Wednesday, 22 October 2008

Policy Quickie: Paid Parental Leave

The status quo:
14 weeks of paid parental leave, funded by the Government (through the IRD), and able to be split between both parents, or taken entirely by one. It's universally available, as long as the mother meets certain service requirements, and the payment is 80% of the parent's weekly wage, to a ceiling that is currently around $407 (gross) a week. The Employment Relations Service has more information on the scheme.

Originally put forward by the Alliance, it was first introduced in 2002 by the Labour-Alliance coalition government, and was at that time 12 weeks paid parental leave. It was extended to 14 weeks in 2005 by the Labour-led coalition government, with support from other parties such as the Progressives and the Greens. During its existence there have also been tweaks to increase the ceiling, and widen eligibility (most notably to the self-employed in 2006).

Party positions for the 2008 Election:
Act: Policy isn't explicit, but intends to repeal minimum wage laws and "Replace all other regulations affecting employment with common law remedies."

Alliance: "...workers who become primary caregivers should get 12 months’ paid parental leave and their partners should get two weeks’ paid parental leave."

Family: (could not find any mention on website)

Greens: "Extend the period of paid parental leave to 13 months and increase the level of payments to 100% of the average male wage."

(could not find any mention on website)

Labour: No intention to change the scheme. Had hoped to make an election promise around expanding it, however have shelved it due to the collapse of global capitalism.

Libertarianz: "We will abolish the regulations, Departments, Commissions and Ministries, statutes and tax codes that hinder rather than help economic growth." Assumedly this includes minimum employment rights like paid parental leave?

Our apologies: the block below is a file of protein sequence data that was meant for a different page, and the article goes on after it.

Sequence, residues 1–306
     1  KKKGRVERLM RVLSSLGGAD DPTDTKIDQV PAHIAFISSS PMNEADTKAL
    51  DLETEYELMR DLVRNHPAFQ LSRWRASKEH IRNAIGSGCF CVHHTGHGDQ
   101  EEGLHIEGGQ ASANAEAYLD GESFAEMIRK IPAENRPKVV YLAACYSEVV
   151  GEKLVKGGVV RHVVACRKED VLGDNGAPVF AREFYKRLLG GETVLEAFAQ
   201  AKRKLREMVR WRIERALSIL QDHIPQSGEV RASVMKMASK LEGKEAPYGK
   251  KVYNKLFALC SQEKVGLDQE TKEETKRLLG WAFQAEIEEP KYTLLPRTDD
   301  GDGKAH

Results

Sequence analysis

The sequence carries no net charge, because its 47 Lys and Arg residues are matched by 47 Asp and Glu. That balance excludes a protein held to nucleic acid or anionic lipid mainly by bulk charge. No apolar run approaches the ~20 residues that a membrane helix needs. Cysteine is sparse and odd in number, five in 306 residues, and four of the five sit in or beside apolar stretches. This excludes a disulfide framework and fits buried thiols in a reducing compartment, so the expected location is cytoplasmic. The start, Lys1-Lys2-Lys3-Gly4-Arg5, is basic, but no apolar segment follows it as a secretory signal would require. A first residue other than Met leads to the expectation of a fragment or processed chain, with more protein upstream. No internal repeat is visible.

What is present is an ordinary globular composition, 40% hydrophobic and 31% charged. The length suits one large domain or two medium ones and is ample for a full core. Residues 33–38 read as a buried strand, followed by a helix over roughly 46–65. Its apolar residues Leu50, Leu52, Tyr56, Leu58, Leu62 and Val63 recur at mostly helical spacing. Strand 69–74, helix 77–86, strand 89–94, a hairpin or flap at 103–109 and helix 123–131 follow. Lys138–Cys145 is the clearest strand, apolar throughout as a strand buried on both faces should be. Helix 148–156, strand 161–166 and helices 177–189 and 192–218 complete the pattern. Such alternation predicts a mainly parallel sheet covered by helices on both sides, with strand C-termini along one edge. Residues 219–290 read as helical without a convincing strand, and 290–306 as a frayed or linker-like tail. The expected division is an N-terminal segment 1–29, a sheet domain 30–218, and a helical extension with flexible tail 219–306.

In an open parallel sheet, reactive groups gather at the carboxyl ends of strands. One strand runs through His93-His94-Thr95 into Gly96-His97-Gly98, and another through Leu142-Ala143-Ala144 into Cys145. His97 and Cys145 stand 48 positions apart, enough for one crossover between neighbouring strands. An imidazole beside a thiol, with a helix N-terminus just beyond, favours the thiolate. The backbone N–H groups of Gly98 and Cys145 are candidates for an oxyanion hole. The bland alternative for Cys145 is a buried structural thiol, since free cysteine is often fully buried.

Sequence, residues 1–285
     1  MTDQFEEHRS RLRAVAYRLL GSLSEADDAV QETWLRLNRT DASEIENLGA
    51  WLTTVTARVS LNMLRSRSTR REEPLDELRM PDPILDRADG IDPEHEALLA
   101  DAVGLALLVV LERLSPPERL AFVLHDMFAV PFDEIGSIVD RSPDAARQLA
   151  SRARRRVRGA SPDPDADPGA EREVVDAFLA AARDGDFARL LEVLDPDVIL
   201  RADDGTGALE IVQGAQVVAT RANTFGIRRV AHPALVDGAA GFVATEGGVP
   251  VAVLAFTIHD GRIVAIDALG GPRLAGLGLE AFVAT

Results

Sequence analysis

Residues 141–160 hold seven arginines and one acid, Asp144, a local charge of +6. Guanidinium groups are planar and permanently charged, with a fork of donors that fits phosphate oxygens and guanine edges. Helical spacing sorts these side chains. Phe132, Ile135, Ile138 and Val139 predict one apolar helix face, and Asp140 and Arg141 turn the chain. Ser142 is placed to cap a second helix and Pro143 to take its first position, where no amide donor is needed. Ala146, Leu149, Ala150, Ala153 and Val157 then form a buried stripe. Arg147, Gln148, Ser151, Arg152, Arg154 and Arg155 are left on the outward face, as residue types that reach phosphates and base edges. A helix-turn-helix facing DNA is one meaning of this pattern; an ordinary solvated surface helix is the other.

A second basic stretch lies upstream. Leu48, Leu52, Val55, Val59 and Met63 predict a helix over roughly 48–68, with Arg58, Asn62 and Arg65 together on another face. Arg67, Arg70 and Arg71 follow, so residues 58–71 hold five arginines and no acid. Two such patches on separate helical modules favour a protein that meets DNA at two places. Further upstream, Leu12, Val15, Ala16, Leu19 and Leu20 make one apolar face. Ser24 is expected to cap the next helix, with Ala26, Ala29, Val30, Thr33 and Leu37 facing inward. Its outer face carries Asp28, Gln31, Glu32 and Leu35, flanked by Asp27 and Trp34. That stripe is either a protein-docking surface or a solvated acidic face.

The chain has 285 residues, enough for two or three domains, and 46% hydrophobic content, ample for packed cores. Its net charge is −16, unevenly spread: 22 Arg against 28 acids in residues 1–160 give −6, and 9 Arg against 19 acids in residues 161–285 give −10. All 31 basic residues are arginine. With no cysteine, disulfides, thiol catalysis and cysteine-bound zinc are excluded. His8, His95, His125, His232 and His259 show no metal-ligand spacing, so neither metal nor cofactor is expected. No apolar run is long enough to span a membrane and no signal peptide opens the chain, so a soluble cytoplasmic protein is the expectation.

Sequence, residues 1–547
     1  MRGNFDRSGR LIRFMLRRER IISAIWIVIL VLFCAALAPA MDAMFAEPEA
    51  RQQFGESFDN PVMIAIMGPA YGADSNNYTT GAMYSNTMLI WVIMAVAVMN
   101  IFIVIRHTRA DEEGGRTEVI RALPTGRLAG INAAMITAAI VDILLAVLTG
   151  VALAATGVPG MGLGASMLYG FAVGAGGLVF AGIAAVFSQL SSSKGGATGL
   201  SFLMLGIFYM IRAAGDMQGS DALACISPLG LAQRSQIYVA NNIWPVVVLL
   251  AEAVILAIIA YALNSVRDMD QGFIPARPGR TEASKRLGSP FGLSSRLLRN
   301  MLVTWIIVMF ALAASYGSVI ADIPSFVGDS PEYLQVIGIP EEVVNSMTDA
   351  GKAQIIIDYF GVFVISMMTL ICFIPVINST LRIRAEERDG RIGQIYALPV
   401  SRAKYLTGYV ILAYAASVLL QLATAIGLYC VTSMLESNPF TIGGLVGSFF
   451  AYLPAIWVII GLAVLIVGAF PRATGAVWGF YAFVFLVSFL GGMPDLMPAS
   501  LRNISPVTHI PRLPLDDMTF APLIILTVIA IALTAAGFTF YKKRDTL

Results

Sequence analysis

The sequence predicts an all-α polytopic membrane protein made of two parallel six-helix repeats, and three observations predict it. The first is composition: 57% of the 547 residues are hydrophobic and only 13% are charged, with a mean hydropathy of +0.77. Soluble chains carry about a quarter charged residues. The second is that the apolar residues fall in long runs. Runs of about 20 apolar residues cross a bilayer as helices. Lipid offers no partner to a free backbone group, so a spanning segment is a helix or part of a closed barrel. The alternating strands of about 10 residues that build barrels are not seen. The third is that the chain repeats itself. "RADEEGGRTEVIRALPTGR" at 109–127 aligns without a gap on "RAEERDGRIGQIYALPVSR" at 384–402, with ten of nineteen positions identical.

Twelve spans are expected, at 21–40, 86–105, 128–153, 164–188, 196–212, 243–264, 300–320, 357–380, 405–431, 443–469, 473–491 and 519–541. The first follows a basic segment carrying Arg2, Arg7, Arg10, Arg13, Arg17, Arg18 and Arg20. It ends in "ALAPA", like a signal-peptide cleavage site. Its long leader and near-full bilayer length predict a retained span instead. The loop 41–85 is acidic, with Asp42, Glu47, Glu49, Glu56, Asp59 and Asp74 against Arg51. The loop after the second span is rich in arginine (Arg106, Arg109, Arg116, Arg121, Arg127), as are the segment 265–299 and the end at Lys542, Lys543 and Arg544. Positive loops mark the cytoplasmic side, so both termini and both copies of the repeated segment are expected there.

Maori Party: No explicit policy, however Hone Harawira has raised extending it to 12 months in the past.

(could not find any policy mention on website)

NZ First: (could not find any mention in the policy document)

Progressives: (no mention of intention to change, however note involvement in the scheme's adoption and extension to self-employed)

RAM: "Extend paid parental leave to 26 weeks and increase the payments."

UnitedFuture: "Extend paid and unpaid parental leave to both parents... Recognise the imperative for fathers to bond with their newborns by an extension of parental leave."


The Families Commission has called for 13 months' paid parental leave by 2015, including a month's paid leave for fathers.

A full index of our policy quickie posts to date can be found here.


Tui said...

Re: month's paid leave for fathers, should that be rather a month's paid leave for *the second parent* - i.e., one parent gets 13 months leave, one parent gets 1 month leave, regardless of gender? Calling it "fathers' leave" seems to imply that a) lesbian second parents are SOL! and b) women who choose not to be SAHMs don't get that leave. I presume this is not the case?!

Julie said...

Hey Tui, I agree (gee, it's like we have a hive mind!), I've just repeated what the individual parties (and the Families Commission) have said. I was careful to put parents in the status quo explanation at the start, for just the reason you mention. And certainly it is possible to share PPL between two same-sex parents at the moment, although I'm not quite sure how the eligibility thing works for adoption, as it is usually based on the eligibility of the pregnant one.

However it is worth noting that those who choose to be SAHMs may not be eligible. If you resign before you take your leave you are not taking leave, so you're generally ineligible (I'm about 95% sure that's right). And if you weren't working in the first place then there's nothing to take leave from, and thus no paid parental leave for anyone.

Tui said...

I've just repeated what the individual parties (and the Families Commission) have said.

Right - I would have thought that a gvt. institution like the FC would have been more circumspect in its policy writing! Obviously my expectations are high.

Julie said...

Yeah you'd think the FC would be a bit more right on, given that they are allegedly a hot bed of nanny statist feminazis. I guess they didn't get that memo ;-)